Two main governance options for building collaborations between governmental, private for profit and private non-profit actors will be considered under this work package. The first option is based on the governance of collective processes in market transactions, as for example in participatory product labelling schemes (on the model of IFOAM’s participatory guarantee system or, in part, on the model of GLOBALG.A.P., a certification scheme that covers the production process for farm inputs to the farmgate) (in Task 3.2). The second option is based on the governance of collective processes in governmental incentive or regulation schemes. An existing initiative that illustrates this option is the deliberative assessment of agro-environmental measures (for national implementation of the second pillar of the CAP) (Task 3.3). The two options can of course be complementary, and hybrids can emerge. Thus, State-based regulation may be based on existing standards, initially developed by private actors. A well-known example in the European Union is Regulation (EC) No. 852/2004 of 29 April 2004 on the hygiene of foodstuffs, which seeks to protect food safety « from farm to store ». That regulation essentially encourages food business operators to establish and operate food safety programmes based on the principles of « hazard analysis and critical control point » (HACCP), that had been initiated by the food industry.
Task 3.1. Organisational principles of collective processes in successful governance of transition pathways (CPDR)
A synthesis of the organisational principles of collective processes in successful governance of transition pathways will provide the basis for the work of WP3. This synthesis can build to a certain extent upon the analysis of up-scaling of niche innovations and regime transformation in various fields such as energy, food or mobility (Grin et al., pp. 331-336). However, this project aims to go beyond niche innovators and address collective processes at all levels of the food systems, and with a broad and heterogeneous set of private sector and public sector actors.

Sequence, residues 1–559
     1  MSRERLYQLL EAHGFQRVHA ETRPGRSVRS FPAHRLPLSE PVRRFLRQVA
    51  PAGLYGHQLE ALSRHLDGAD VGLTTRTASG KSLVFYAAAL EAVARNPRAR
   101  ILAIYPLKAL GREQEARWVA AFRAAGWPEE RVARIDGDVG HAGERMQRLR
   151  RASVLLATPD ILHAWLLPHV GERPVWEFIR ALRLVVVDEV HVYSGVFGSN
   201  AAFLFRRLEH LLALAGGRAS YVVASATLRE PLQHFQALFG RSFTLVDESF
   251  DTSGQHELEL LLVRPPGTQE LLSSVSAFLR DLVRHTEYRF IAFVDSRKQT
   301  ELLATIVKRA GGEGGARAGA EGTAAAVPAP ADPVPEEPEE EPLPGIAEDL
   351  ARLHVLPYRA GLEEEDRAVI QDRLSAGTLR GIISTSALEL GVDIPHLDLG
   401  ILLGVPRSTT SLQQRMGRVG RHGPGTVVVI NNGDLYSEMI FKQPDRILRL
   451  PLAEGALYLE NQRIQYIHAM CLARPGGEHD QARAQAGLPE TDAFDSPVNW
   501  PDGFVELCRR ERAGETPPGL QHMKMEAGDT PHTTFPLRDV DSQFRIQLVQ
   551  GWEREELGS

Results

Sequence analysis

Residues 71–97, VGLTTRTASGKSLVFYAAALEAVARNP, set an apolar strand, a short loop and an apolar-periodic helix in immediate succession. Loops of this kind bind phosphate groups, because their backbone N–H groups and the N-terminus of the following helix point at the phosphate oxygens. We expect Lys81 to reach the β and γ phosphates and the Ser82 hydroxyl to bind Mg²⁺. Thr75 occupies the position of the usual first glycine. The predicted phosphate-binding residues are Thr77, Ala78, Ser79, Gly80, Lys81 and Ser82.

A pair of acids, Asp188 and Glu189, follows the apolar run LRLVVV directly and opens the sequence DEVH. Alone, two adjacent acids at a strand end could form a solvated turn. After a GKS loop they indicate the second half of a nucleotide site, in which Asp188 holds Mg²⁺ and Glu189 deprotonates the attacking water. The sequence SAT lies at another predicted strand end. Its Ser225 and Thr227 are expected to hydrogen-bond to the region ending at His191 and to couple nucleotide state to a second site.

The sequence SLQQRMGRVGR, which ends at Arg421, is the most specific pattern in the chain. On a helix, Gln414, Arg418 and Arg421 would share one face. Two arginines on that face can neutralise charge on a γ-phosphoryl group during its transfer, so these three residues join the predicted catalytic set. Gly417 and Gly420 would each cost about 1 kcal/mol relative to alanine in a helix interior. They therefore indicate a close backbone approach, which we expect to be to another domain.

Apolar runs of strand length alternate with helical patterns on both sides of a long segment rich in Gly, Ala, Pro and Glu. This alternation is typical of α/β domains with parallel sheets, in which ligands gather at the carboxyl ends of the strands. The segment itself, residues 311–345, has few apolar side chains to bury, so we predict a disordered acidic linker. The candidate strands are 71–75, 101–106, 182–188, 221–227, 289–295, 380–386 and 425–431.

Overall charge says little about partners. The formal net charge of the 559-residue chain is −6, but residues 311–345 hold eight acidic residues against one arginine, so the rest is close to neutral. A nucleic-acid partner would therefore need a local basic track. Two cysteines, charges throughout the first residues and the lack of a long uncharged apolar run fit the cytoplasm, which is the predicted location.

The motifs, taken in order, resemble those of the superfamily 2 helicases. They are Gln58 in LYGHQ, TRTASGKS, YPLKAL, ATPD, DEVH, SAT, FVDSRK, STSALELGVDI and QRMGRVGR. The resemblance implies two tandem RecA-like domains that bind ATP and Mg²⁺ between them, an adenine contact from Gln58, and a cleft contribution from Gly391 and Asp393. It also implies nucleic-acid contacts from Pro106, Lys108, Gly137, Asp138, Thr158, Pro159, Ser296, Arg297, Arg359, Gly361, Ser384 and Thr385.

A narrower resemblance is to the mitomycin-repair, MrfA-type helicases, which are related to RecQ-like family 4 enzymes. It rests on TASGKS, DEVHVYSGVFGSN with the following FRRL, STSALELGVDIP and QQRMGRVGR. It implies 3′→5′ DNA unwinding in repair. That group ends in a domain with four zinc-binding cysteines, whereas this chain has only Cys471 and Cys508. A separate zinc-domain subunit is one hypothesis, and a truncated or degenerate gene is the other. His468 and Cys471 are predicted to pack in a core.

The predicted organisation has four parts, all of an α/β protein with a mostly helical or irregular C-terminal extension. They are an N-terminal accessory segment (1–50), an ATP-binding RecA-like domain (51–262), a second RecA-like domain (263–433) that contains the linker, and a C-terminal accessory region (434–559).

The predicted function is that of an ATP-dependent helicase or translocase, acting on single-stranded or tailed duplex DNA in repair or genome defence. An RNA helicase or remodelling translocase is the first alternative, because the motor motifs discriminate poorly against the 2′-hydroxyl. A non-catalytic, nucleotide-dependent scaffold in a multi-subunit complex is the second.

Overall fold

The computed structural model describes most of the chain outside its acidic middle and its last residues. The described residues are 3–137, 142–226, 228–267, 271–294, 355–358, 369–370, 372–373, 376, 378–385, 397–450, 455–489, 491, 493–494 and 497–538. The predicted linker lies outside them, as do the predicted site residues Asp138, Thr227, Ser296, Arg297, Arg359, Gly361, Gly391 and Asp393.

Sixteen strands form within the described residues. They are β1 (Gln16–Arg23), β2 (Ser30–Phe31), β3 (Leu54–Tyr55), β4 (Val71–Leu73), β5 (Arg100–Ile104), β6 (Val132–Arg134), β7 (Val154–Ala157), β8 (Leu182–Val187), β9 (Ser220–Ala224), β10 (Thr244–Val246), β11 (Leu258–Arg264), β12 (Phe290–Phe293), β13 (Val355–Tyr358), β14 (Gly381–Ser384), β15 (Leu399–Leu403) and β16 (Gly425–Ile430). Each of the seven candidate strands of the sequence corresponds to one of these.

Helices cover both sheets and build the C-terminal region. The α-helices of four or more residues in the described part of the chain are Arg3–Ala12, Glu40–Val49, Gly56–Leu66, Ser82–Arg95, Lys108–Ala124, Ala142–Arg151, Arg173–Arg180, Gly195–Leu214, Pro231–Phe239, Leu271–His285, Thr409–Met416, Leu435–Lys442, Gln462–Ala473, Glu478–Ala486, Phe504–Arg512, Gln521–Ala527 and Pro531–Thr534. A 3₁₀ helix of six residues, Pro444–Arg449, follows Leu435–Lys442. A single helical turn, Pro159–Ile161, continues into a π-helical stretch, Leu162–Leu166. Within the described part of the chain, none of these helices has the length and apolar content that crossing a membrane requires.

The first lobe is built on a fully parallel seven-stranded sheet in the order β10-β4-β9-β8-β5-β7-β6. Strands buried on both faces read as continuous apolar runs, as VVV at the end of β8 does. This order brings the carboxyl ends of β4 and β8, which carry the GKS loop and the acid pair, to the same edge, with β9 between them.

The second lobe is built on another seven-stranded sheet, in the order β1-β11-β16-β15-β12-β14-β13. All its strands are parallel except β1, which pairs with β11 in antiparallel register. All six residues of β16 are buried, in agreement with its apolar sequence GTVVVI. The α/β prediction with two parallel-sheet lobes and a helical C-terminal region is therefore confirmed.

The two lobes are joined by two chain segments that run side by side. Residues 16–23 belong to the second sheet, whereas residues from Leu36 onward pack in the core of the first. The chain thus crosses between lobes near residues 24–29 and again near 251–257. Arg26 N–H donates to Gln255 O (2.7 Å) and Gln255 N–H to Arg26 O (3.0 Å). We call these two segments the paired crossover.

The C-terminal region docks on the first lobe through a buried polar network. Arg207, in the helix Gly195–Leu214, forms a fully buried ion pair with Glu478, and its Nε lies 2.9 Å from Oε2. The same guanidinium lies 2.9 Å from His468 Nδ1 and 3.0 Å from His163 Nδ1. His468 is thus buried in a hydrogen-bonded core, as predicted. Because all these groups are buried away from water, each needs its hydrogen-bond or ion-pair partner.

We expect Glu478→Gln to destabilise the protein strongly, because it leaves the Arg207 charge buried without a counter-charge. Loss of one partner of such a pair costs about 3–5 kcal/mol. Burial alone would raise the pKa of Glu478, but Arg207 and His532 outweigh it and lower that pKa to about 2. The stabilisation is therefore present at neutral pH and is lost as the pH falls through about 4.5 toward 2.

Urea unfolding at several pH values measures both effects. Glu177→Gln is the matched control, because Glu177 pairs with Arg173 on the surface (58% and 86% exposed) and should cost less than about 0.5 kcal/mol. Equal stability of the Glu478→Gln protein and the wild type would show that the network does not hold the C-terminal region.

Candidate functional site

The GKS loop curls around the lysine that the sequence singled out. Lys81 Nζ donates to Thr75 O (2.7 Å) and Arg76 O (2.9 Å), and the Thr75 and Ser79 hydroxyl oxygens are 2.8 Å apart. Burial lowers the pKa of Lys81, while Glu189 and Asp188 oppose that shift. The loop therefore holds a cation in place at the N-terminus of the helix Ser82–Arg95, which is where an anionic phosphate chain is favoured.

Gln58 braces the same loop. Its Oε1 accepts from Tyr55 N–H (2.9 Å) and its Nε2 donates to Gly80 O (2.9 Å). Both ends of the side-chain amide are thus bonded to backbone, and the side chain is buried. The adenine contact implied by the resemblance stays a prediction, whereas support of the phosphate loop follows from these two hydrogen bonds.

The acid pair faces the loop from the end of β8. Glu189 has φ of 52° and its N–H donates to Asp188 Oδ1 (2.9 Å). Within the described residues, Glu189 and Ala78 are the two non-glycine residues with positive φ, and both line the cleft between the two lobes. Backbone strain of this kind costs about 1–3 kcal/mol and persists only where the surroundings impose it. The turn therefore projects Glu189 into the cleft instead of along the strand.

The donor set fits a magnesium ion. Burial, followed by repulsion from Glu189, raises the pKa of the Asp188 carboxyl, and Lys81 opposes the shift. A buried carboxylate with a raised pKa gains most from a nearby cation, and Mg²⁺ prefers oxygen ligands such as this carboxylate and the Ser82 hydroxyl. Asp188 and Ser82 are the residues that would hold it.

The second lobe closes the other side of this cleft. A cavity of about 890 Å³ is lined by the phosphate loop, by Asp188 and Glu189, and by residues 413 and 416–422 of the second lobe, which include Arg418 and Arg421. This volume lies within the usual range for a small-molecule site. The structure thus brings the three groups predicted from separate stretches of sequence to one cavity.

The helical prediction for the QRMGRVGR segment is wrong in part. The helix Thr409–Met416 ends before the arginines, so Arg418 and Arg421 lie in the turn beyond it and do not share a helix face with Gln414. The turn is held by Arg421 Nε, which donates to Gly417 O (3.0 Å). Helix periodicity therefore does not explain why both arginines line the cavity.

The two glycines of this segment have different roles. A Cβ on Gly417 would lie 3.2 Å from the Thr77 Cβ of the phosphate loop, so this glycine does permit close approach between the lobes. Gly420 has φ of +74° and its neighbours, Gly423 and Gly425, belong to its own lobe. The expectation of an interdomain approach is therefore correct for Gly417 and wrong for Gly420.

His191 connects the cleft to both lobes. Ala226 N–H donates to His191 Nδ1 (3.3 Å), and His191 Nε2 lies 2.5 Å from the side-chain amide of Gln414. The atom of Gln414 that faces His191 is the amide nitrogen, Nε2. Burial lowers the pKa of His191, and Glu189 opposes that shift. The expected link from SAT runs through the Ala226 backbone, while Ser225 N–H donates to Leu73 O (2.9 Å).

Task 3.1. of WP3 will therefore identify organisational principles for collective processes through (1) an analysis of the commonalities and differences between the existing collective processes in transition pathways analysed under WP2, and (2) a systematic literature review of the organisational principles in the case study literature on these processes both in Belgium and in other countries.
Task 3.2. Governing collective processes in market transactions (CEB – BIOECONOMICS)
In Task 3.2. an in depth analysis will be conducted of a set of new prototypes of governance frameworks for organising collective processes in market transactions, covering both frameworks that address the collective processes to involve all the actors of the mainstream and short supply chains in the food system as frameworks that address the involvement of consumers and broader stakeholders in the transformation of diets and nutritional standards. A limited number of governance arrangements will be analysed and developed, based on the main existing prototypes already established in practice, and covering respectively two categories: (1) governance of collective processes in the development of market standards and labelling; and (2) governance of collective processes in coordination agreements amongst actors in the transition pathways. Examples of the first category that will be considered are participatory certification schemes or stakeholder consultation in the establishment of carbon labelling. Examples of the second category are government support for the standardisation across retailers of codes of conduct that include environmental commitments (such public intervention being justified to establish a common level playing field or in order to improve the information of the consumer). Based on the results of WP2, and more specifically on the results linked to financial issues, a third aspect which is related to both these categories will also be investigated which is the role innovative financial instruments. Based on our experience in microfinance (Hudon, 2009; 2011) and complementary currencies that include a market dimension (e.g. WIR system in Switzerland or RES system in Belgium), we will analyse which institution could be the most efficient in promoting the emergence and success of some of the identified collective processes. Examples where this aspect could be developed in the Belgian context include community supported agriculture, vegetable box schemes (microfinance) and business to business systems for mutual credit (complementary currencies).